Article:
In Cucurbitaceae family, bitter melon has the highest nutritive value (Miniraj et al., 1993). Bitter melon plays an important role as a source of carbohydrates, proteins, vitamins and other nutrients in the human diet (Ali et al, 2008). Besides, bitter melon flesh is a rich in carotene, ascorbic acid, folic acid and minerals like calcium, iron and phosphorus. In 100 grams raw material, bitter melon fruit contains the amount of calcium equal to 1/5 amount spinach’s ones (99 mg), potassium equal to those of banana (358 mg). This fruit also is a good source of dietary fiber.
Moreover, the crude protein content of bitter melon fruits is higher than that of tomato and cucumber (Xiang et al., 2000). A study conducted by Chunduri (2013) on antioxidant and nutritional analysis of edible cucurbitacae vegetables in India revealed that fresh bitter melon contained 0.96 g protein per 100g which is responsible for 2% of Recommended Dietary Allowance (RDA). Bitter melon fruit proteins like momordin, alpha- and beta-momorcharin were reported to have anticancer effects and inhibit HIV infections, MAP-30 inhibit tumor growth (Renuka, 2012).
Bitter melon is good source of vitamin C. Indeed, 100 grams bitter melon flesh contains 84 mg vitamin C which corresponds upto 140% recommended dietary allowance for human body. Vitamin C is one of the important and essential vitamins for human health. It is needed for many physiological functions in human biology. Many health benefits have been attributed to vitamin C namely antioxidant, anti-atherogenic and anti-carcinogenic activity.
Bitter melon is also rich in folic acid. Folic acid is necessary for the growth and repair of every cell in the body. Folic acid is needed for the growth and repair of hair, skin and nails. Folic acid is an essential vitamin B, therefore, everyone needs it in order to stay in good health. Studies revealed that folic acid reduces the risk of certain cancers, cardiovascular diseases including coronary heart disease and stroke, and cognitive diseases or mental conditions such as Alzheimer's disease, age-related dementia or cognitive decline and depression (Qiu et al., 2007).
Bitter melon has been used long-term in the ancient traditional medicine of India, China, Africa, and Latin America. In fact, in many regions of the world, especially in poverty countries, bitter melon fruit may be the unique choice available for diabetic treatment. Nowadays, bitter gourd products such as concentrated juice and seed extracts can be found in form of capsules and tablets. These supplements are becoming more widely used in many countries as prophylactic or therapeutic agents.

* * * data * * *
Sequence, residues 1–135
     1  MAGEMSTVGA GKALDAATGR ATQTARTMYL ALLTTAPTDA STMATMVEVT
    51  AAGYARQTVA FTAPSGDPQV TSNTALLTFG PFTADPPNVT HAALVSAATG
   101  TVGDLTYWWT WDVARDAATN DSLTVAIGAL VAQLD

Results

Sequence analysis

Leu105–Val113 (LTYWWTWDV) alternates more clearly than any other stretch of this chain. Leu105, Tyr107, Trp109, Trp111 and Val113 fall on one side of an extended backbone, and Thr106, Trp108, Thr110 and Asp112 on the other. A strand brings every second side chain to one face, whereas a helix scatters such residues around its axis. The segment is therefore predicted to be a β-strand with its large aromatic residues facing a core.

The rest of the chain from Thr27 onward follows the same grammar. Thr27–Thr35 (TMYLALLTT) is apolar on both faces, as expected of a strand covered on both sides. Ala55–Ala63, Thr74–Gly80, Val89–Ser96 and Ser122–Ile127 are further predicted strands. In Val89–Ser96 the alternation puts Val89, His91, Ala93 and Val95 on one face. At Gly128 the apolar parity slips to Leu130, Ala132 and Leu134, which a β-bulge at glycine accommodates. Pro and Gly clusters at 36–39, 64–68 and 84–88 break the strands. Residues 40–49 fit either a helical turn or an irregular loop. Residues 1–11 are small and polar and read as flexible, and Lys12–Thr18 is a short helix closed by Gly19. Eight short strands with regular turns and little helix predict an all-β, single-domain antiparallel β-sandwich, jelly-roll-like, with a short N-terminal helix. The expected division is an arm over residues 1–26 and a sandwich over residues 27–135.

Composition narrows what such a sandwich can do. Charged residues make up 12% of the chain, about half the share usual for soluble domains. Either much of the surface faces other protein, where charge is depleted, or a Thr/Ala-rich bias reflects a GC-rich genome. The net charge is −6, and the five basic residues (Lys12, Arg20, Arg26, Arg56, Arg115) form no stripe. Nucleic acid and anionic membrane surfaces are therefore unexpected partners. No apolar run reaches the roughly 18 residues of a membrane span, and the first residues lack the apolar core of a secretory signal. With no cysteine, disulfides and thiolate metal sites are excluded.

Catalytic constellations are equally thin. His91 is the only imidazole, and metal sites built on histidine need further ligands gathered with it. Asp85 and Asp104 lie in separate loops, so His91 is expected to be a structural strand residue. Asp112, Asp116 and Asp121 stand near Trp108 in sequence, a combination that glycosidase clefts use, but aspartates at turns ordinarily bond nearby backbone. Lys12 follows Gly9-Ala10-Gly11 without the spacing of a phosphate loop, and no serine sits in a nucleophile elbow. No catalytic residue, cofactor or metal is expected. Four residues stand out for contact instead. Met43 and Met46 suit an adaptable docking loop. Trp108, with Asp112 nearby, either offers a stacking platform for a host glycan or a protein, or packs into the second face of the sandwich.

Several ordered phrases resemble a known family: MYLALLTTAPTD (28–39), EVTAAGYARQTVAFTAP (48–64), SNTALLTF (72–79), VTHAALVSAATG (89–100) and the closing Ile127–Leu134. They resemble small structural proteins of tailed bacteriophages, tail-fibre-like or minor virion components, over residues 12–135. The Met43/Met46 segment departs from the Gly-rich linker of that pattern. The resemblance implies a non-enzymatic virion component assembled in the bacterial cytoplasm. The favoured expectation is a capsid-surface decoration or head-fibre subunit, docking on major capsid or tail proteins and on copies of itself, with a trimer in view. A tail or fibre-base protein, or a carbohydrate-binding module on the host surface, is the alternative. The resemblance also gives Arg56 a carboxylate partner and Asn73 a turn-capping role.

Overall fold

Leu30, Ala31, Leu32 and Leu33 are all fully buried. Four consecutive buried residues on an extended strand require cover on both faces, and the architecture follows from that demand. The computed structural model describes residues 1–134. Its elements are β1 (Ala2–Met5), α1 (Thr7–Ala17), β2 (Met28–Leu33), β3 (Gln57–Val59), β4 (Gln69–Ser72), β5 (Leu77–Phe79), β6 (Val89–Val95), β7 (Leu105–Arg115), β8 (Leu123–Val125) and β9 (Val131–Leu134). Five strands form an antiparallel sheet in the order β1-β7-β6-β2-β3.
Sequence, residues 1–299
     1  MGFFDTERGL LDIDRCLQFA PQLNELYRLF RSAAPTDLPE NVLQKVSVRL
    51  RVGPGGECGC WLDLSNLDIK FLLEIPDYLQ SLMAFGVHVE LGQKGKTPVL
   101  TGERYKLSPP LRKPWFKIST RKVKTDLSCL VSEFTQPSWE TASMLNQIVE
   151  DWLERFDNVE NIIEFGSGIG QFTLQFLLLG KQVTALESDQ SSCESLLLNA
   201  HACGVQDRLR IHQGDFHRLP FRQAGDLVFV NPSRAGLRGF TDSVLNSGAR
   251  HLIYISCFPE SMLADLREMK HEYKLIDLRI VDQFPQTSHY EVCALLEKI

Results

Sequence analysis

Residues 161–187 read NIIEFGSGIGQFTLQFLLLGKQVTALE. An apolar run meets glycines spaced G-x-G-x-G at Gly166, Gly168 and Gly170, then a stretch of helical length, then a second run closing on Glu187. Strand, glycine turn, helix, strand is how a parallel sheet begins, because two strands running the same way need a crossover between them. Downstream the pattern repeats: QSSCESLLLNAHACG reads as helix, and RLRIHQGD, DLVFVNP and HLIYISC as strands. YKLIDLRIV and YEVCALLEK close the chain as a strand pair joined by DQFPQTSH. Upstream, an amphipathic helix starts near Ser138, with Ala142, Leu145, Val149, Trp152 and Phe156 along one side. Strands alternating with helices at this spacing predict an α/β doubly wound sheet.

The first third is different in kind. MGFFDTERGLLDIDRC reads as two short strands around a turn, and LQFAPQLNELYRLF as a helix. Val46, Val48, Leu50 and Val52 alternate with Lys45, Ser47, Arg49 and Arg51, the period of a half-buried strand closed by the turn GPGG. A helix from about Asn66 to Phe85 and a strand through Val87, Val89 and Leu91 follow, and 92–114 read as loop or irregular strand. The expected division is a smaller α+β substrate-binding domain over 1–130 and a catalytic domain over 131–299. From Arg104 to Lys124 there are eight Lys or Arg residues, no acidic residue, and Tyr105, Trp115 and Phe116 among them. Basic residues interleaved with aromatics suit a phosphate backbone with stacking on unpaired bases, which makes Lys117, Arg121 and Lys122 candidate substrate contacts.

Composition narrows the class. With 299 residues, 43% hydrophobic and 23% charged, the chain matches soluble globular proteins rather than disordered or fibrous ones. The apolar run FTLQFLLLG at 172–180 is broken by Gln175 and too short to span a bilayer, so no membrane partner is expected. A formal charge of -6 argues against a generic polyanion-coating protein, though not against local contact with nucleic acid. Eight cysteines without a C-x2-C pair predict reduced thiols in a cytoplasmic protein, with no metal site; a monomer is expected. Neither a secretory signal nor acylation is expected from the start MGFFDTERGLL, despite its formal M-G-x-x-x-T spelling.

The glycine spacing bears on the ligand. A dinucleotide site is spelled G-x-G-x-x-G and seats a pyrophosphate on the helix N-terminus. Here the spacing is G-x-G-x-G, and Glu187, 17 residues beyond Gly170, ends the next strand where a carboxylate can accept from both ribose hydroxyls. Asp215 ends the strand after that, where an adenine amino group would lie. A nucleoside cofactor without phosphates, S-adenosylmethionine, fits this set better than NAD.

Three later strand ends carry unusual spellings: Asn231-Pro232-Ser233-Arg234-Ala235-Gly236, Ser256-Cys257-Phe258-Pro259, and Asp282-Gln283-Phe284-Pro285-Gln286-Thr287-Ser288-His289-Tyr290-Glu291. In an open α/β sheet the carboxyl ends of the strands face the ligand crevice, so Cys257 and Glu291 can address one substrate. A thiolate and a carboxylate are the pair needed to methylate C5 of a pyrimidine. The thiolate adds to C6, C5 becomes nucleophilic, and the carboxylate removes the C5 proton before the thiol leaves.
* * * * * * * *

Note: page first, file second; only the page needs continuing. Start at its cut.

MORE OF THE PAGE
1. Miniraj, N., K.P. Prasanna and K.V. Peter, 1993. Bitter Gourd Momordica spp. In: Genetic Improvement of Vegetable Plants, Kalloo, G. and B.O. Bergh (Eds). Pergamon Press, Oxford, UK., pp: 239-246.
2. Ali, M. A., M. A. Sayeed, M. S. Reza, M.S. Yeasmin and A. M. Khan (2008). Characteristics of seed oils and nutritional compositions of seeds from different varieties of Momordica charantia Linn. cultivated in Bangladesh. Czech J Food Sci, 26(4), 275-83.
3. Xiang C.P., C.Y. Wu and L.P. Wang (2000). Analysis and utilization of nutrient composition in bitter gourd (Momordica charantia). J. Huazhong Agr. Univ. 19:388-390
4. Qiu W. Q., X. Sun, D. J. Selkoe, D. M. Mwamburi, T. Huang, R. Bhadela and I. Rosenberg (2007). Depression is associated with low plasma Aβ42 independently of cardiovascular disease in the homebound elderly. Int J Geriatr Psychiatry 22(6):536-542.
5. Renuka, L. 2012. Hypogycemic herbs and their action mechanism. Chin Med. 4 (1): 11-14
6. Chunduri J. R. (2013). Antioxidant and nutritional analysis of edible cucurbitaceae vegetables of India. International Journal of Bioassays, 2(8), 1124-1129.
Hoai Tran - FST